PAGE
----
Why Did the Natwest Share Price Drop Despite the BoE Rate Hike?

The Natwest share price has pushed off session lows and is now trading a tad higher as it looks to recover from yesterday’s steep loss. 

Yesterday’s drop was triggered as the Bank of England (BoE) raised interest rates to their highest level since 2009. The steep drop was triggered by the UK government’s sale of 2.5% of its majority stake in the bank, nationalising in the wake of the 2008 global financial crisis. By this sale, the UK government’s stake is down to 48.1%, which strips the bank of majority public holding. The bank repurchased the shares. 

Despite the steep drop, two investment banks have set bullish targets for the Natwest share price. Deutsche Bank says it is raising its price target for Natwest from 315p to 330p as it sees the UK bank offering “unparalleled capital return” over the next 12 months. Deutsche Bank sees a 20% yield on the stock this year and retains its Buy recommendation.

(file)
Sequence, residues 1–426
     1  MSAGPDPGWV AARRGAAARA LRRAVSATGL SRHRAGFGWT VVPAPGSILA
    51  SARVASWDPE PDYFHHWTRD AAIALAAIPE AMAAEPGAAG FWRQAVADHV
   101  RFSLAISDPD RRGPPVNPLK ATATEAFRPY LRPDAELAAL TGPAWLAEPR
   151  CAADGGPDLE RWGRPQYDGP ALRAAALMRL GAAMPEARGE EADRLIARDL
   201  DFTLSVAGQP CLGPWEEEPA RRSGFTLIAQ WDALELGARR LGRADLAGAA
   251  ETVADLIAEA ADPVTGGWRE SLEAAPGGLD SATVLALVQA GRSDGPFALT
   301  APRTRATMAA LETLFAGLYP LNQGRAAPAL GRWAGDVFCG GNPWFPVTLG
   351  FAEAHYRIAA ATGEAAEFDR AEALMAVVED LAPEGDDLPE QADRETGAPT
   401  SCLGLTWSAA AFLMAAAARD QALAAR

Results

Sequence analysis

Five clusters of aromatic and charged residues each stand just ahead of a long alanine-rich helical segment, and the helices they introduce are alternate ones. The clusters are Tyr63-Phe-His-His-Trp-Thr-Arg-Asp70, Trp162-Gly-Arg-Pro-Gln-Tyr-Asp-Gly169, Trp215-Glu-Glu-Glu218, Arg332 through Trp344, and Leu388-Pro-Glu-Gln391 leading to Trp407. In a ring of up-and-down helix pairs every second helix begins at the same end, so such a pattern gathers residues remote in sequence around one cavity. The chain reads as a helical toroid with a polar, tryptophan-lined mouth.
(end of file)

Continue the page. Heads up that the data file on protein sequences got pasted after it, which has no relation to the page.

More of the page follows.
JP Morgan has set a 12-month target for the Natwest share price at 250p. Today’s current price of 210.4p allows for a potential 18.82% upside on the stock. Therefore, it may be pertinent for traders wishing to get a better deal to buy when the price is at more attractive levels.

Natwest Share Price Outlook

The intraday low at 206.6 (21 September 2021 high) remains under pressure. A breakdown of this price level sends the stock towards the 200.6 support (27 May and 30 June 2021 highs). 195.0 and 187.3 are additional targets to the south that become viable on continued price deterioration. 

On the flip side, if the active daily candle stays above the 210.0 price mark, it preserves the integrity of that price as a support. This could allow for an advance towards 214.5 (3 March and 13 April highs). Conversely, 220.0 and 224.2 are additional price barriers to the north if the bulls uncap 214.5.  

Natwest: Daily Chart

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